The argument over climate change needs to shift to how can the human race adapt to the upcoming changes.
Facts are facts. You can argue about what is causing the planet to warm all you want to, but the simple, or even the inconvenient truth, is that the Earth is getting warmer every year. Oceans are getting warmer, polar ice is shrinking, and global temperatures are on the rise, as are the sea levels.
No one can deny at least some part of the warming is due to human causes, evidenced by a more rapid rate since the 1800s and the industrial revolution, but even if none of it was caused by human intervention, the fact is the planet’s temperatures are increasing.
There are arguments and conversations about what to do about it, and it seems everyone has an opinion, reinforced by their own studies and dire predictions of the consequences if we don’t immediately take this step or that step.
It takes a certain amount of hubris to say we can stop global warming, as insignificant as we tiny humans are. Even if we could eliminate the burning of fossil fuels entirely, the evidence is not certain the increasing temperatures could be arrested. The world’s temps have risen and fallen long before humans walked out of Africa and took over. One could argue that humans prospered because of favorable climate conditions over the past few thousand years.
But elimination of human-produced greenhouse gases is a pie-in-the-sky dream anyway. The world cannot agree on language, currency, religion, ideology, or anything else. Why would they agree to reduce emissions? Developing countries want to have the pleasures and comforts of life that developed nations enjoy as well. Can the developed nations convince them to give up the desire to prosper in order to save the planet?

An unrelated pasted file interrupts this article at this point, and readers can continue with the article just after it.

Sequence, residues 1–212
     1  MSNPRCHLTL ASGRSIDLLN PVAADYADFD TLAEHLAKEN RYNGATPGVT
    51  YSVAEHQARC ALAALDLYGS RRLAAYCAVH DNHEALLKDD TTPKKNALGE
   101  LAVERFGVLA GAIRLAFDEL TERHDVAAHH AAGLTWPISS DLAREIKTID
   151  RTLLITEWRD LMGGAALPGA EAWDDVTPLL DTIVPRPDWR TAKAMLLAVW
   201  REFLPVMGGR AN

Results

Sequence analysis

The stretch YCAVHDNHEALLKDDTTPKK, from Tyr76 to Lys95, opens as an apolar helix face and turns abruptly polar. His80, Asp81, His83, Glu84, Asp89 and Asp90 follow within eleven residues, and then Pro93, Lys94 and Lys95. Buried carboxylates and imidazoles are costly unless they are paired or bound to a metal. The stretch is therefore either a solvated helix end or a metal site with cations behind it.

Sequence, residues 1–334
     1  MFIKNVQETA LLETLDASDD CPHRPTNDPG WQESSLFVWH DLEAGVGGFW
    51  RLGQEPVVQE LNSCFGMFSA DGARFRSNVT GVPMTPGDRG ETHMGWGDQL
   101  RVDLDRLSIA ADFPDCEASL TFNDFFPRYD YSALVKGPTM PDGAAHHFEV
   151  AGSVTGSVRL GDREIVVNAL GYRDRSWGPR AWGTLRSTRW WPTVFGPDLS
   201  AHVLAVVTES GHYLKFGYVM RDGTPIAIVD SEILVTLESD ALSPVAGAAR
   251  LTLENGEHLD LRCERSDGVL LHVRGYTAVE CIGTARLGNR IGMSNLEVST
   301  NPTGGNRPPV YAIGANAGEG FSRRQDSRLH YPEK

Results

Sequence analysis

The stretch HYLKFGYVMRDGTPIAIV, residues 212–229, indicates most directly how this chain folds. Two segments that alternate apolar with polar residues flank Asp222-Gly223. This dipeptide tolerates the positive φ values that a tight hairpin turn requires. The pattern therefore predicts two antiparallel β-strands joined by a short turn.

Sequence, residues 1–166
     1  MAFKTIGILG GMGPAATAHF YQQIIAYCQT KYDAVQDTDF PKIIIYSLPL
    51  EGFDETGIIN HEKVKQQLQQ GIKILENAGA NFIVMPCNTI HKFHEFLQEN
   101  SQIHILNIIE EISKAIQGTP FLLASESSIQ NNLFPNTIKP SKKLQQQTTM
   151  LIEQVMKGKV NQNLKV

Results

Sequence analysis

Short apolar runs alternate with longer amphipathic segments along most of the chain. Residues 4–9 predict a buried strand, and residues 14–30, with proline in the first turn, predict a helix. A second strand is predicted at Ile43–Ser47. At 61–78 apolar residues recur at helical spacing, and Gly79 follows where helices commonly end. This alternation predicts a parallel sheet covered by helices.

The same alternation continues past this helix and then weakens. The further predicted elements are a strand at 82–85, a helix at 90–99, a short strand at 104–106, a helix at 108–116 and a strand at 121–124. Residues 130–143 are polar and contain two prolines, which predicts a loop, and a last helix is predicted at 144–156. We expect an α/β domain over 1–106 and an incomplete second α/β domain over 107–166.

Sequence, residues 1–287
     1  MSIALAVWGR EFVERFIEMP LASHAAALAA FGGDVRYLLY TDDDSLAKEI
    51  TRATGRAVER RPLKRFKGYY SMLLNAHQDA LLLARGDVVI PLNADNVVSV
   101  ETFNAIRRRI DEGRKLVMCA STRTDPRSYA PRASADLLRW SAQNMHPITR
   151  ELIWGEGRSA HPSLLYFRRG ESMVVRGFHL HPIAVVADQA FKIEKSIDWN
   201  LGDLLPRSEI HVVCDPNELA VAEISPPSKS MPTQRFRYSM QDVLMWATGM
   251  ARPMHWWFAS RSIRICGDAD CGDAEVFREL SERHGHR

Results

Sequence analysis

I am not being anti-environment. I support the reduction of emissions of greenhouse gasses, and I believe we should do all we can to move towards renewable energy and saving the planet’s natural resources. I am just being realistic.
The world’s population is exploding and it is taking more and more land to support the people, to house the populations of the world and to grow food to feed them. And as sea levels rise, the availability of land will become even more precious. As oceans warm, fish move towards cooler waters, making the coastal communities that depend on the catch vulnerable to diminished supplies, and those communities will either perish or adapt to some other lifestyle, likely requiring the clearing of even more forests and wooded areas.
Experts predict that sea levels will rise anywhere from a few inches to 300 feet over the next century if emissions remain unchecked, which even at the low predictions will displace millions of coastline dwellers and islanders.
Scientists need to focus more on how humanity can adapt to the changing conditions over the next 100 years. I say that because it is very unlikely that we can completely stop the climate changes, and if we wait too long, it may be too late.
It’s not an either/or situation. Researchers can still work to slow down the climate changes as much as they can, but they have to realize that some climate change will happen, and research needs to be done to find ways to deal with them.
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I won’t predict the end of the human race if we don’t find a way to adapt, but the world we know today will almost certainly look much differently in 2100. Our children’s and grandchildren’s view of that world depends on the actions their parents and grandparents take in the next few decades.
We can’t pretend we didn’t know it was happening.